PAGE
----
“Hold your horses,” Dean said. He handed his phone to the young woman helping to take pictures, put down the Disneyland bag, and pulled out two pairs of Mickey ears. “Here you go, Sammy,” Dean said, placing the ears on Sam’s head. Sam’s mouth hung agape. Dean then put the second set of ears on his own head, angling them jauntily. He looked at the young woman with his phone. “How do I look?” he asked with a smirk.

“Surprisingly good,” the young woman replied.

“I thought you’d never wear them, Dean,” Sam said over Mickey’s head.

Dean just shrugged. “Okay, Mickey,” he said. “Let’s do this.” Dean reached his arm around Mickey Mouse and placed his hand on his brother’s shoulder.


Sam and Dean both shrunk down so they didn’t tower over the diminutive mouse and smiled as their photo was taken.

“You know,” Dean said to Mickey Mouse, as he stepped aside. “My brother there, he’s a bit of a fan.”

Sam started to stammer something but before he could get far, Mickey had him in a hug.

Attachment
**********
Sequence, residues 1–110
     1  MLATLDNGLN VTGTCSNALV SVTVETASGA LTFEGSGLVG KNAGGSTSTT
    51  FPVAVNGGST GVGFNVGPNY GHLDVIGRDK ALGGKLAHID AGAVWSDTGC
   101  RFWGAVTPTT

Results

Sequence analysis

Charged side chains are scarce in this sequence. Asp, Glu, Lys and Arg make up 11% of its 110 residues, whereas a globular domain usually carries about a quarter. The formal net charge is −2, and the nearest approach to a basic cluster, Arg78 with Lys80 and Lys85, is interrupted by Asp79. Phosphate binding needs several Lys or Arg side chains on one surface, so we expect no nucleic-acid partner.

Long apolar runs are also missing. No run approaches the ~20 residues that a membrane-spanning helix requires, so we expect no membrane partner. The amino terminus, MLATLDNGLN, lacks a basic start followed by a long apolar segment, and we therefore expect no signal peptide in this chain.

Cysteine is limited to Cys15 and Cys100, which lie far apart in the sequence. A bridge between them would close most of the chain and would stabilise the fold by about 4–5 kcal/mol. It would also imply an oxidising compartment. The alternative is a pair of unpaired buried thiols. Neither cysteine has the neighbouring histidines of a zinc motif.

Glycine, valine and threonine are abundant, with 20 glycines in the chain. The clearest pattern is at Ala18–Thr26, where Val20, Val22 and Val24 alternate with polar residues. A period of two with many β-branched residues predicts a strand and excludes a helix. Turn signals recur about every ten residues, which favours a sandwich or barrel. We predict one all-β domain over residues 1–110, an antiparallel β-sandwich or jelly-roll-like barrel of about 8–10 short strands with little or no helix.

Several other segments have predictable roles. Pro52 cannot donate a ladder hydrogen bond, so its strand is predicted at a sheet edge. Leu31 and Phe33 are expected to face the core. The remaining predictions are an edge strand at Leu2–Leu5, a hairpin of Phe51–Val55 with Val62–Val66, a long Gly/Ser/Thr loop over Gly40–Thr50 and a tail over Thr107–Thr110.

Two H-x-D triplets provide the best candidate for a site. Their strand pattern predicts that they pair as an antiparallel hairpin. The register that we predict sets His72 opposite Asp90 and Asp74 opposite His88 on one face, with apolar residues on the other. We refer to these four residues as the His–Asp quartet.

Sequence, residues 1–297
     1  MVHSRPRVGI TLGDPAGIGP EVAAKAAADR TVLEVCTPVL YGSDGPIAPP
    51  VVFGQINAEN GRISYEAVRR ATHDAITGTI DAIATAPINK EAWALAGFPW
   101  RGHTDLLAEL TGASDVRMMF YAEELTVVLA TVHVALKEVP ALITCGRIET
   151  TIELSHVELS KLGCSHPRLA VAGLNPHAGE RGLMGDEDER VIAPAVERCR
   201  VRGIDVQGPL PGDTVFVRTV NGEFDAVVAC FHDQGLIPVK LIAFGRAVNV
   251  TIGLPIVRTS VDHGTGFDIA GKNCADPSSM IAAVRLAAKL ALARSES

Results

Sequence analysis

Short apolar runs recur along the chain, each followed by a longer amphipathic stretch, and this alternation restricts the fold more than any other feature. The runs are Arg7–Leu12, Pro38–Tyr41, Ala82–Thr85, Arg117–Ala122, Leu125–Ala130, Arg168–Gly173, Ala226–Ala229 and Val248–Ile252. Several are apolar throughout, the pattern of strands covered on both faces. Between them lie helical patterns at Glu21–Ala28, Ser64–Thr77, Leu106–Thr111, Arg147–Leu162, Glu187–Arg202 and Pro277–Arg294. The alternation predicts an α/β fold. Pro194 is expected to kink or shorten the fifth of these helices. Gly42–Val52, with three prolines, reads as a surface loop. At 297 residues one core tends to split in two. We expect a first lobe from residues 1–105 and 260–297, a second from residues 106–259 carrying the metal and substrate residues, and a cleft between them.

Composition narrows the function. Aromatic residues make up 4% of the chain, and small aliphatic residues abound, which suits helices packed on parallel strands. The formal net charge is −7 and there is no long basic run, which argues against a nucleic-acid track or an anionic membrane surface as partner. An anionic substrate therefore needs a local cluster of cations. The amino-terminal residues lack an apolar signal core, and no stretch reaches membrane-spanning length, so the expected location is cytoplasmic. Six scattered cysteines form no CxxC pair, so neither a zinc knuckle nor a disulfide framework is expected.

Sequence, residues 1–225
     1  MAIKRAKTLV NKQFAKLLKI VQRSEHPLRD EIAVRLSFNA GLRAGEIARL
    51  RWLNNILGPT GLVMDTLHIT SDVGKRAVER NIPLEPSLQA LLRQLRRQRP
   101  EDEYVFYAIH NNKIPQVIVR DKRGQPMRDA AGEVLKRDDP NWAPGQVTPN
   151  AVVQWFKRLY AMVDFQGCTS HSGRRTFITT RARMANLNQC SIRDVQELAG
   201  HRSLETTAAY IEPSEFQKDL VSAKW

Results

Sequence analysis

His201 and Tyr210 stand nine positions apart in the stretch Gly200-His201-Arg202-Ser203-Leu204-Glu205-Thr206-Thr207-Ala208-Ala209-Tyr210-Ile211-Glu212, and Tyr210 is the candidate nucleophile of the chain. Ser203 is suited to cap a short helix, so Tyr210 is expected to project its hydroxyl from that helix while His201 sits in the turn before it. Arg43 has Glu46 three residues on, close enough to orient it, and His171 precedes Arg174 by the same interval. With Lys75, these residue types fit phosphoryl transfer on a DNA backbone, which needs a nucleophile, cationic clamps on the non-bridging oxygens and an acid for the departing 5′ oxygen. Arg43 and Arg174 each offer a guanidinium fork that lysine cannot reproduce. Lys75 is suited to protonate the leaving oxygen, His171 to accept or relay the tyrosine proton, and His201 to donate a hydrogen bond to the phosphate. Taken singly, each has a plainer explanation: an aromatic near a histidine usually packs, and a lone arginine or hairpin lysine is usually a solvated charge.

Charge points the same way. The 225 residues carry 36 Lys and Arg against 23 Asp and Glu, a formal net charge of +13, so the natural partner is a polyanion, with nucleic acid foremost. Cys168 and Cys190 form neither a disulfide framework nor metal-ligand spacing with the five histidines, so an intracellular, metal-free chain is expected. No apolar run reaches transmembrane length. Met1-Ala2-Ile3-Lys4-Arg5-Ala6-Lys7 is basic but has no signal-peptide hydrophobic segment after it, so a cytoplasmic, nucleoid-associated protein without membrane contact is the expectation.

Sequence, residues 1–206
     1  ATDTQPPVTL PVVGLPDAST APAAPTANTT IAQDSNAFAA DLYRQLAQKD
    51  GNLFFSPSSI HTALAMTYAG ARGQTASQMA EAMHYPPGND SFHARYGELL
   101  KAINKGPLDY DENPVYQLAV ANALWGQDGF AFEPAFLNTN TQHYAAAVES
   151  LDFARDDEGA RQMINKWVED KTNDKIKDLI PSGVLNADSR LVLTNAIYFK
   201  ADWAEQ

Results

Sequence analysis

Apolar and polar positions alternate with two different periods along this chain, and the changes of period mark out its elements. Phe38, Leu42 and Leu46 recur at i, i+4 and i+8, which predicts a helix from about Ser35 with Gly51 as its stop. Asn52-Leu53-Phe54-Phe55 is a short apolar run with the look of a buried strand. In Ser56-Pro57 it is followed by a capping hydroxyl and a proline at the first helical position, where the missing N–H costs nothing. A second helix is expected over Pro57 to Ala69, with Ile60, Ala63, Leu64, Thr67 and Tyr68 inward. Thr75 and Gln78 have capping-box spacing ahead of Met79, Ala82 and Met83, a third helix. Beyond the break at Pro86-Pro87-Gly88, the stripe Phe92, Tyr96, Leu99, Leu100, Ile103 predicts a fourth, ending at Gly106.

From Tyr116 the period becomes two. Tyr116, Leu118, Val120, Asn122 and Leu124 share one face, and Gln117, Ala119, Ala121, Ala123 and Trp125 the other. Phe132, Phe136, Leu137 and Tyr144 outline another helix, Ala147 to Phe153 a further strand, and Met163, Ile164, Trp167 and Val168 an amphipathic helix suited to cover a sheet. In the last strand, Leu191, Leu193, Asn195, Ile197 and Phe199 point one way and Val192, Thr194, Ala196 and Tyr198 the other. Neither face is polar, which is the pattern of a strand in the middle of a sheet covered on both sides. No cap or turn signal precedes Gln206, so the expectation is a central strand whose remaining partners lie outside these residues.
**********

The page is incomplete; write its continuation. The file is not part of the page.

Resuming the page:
Dean laughed, “There you go, Sammy.”


Sam and Dean dropped into the Impala with a groan. “Jesus,” Dean said. “That was exhausting. But I’ve got to say, it was a pretty awesome day.”

“So, you like Disneyland now,” Sam said.

“I did not hate it.” Dean started up the car. “Let’s see if we can find a cheap motel around here somewhere…or maybe we should crack out the cards and live it up a little!”

Sam yawned. “I don’t care, as long as it has a hot shower and beds!”

Dean nodded. “Amen to that.”


As Dean drove out of the carpark, and down Disneyland Drive, he turned to his brother, “You know, there’s nothing much on the radar at the moment, and I hear the other park has some cool rides too, and beer, they have beer. Maybe we should, I dunno, check it out tomorrow?”

“You want to do another day at Disneyland?”

“Well, I mean, we’re already here.”

“You think you’re up for the Guardians of the Galaxy ride?”

“Star Lord? Hells yeah! Bring it on! Wait. It isn’t a rollercoaster in the dark, is it?”


“All right then!”

“You ever going to take those ears off, Dean?”

“Probably not.”

“You’re going to sleep in them?”


“You can get another set tomorrow.”

“Do they have Star Lord ones?”

“They’ve got Star Wars ones.”

“Yeah? What are you going to get, Little Mermaid?”

“Ha ha Dean, maybe you should get Goofy. Or Princess Jasmine.”

“Okay. All right. You stick with the princess ears, Rapunzel”

“Ha ha very funny.”

“Well you’ve got the hair for it….”


   © Amy Hutton 2019
   Story by Amy Hutton based on characters created by Eric Kripke.
   More Supernatural Fan fiction by Amy can be found here